The Fun of Learning and the Joy of discovering:
It is fun that motivates children more than anything. The fun of discovering something new and exciting. The game should not be presented like a dictionary waiting to be memorized, but as a coloring book that should be lived and experienced.
IDEA: Games and gamification. Kids love games. Quiz up the class. Give points for engagement, correct answers and negative points for negative behaviors (Point system has to be explained clearly beforehand).
IDEA: Activity-based classes. Turn passive lecture-type classes into different activities. One example is to let your students make their own chess set. The pieces can be made using recyclable household items (example: Bottle caps, pen caps, clay, nuts/bolts, but make sure they are big enough. Keep a close eye on them so they don't swallow these. Use caution with little ones.) and the chess board can be drawn on an A3 sheet and colored by them. Let your imagination run wild and you can come up with different activities (or google them).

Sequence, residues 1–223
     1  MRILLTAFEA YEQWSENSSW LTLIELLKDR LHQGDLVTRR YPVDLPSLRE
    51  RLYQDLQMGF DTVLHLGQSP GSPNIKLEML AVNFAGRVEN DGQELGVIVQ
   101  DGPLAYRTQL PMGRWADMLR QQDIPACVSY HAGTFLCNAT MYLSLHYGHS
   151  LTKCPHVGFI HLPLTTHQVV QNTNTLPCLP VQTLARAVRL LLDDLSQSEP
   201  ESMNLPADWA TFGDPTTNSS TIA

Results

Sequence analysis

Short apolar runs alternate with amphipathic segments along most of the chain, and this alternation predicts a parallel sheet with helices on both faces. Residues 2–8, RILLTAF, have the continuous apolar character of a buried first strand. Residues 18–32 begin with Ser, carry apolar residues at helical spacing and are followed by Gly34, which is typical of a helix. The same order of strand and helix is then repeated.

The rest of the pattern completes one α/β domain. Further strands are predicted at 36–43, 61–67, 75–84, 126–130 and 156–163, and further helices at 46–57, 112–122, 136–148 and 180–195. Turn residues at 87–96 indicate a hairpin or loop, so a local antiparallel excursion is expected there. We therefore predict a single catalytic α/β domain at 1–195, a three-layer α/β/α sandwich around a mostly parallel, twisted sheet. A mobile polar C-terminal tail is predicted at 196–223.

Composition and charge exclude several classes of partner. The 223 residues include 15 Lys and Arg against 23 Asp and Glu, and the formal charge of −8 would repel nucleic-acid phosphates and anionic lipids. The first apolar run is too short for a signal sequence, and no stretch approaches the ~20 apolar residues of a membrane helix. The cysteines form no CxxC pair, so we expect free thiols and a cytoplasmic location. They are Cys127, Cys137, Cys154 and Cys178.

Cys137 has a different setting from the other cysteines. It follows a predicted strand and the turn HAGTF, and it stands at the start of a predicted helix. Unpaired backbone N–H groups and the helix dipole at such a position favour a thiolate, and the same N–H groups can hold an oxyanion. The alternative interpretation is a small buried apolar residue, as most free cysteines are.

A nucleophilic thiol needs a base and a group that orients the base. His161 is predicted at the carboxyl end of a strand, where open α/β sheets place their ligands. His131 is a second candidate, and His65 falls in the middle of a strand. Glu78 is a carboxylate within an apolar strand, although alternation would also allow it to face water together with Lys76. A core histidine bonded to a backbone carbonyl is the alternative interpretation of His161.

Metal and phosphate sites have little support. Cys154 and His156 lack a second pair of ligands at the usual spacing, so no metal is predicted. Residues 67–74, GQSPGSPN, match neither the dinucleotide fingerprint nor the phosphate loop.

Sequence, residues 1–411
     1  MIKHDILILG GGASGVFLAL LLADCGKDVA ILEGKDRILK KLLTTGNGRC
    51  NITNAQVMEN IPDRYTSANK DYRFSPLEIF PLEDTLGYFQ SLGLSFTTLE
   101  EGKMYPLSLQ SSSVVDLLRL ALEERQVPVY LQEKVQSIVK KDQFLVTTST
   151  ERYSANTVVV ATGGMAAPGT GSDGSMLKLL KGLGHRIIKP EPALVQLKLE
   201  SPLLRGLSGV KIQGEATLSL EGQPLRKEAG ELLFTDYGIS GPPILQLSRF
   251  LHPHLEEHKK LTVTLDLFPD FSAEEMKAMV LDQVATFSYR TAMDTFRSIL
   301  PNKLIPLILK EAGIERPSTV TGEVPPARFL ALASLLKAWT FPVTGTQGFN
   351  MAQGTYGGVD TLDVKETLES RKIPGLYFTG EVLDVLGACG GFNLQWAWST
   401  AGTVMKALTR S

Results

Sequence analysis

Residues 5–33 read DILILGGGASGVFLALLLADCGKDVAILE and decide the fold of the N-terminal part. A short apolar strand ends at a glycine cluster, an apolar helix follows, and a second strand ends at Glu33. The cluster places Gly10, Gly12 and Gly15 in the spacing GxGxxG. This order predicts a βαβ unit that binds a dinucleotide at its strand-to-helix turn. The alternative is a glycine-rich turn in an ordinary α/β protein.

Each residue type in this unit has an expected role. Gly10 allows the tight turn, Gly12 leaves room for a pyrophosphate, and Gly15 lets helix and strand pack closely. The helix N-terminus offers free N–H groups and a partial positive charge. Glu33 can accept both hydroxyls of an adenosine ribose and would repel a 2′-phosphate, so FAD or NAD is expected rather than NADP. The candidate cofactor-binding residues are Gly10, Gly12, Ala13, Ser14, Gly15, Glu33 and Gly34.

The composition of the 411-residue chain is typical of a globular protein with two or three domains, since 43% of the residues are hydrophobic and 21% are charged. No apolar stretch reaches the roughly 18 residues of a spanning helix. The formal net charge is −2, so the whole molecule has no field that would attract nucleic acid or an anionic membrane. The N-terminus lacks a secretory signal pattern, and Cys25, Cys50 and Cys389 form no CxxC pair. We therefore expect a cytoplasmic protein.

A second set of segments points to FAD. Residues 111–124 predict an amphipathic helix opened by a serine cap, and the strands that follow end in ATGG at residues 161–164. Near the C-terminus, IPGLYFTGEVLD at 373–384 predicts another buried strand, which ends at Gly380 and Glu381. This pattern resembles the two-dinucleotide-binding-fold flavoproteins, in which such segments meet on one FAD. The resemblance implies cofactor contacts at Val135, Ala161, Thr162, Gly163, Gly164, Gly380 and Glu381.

Inculcating inquisitiveness and interest:
Pushing students with facts and difficult concepts will only make them bored. Eventually, they will lose their interest. What matters more is constantly instilling a sense of awe, feeding their curiosity about chess. Encourage the habit of asking questions.
IDEA: Chess and Math. Chess can be used as a platform through which kids can hone their logic and even Math skills. Each piece has a point attached to it. So, three pawns equal three points while a queen and two bishops equal fifteen. Using this relatedness, Chess-Math games can be invented and used as exercises during a class. But remember - younger kids might find it difficult when you need more than two hands to solve a Chess-Math puzzle.
IDEA: And finally Kids love challenges! Many logical puzzles like the famous eight-queens puzzle or exercises like Pawn Mowers can be a fun and challenging exercise for kids.
Storytelling and correlative explanation of concepts:
Combine words with images and stories. Combine music and dance with ideas. Combine abstract concept with real things that children can understand and weave the thread of story around it. This helps form a concrete basic understanding of the fundamental concepts and ideas in chess.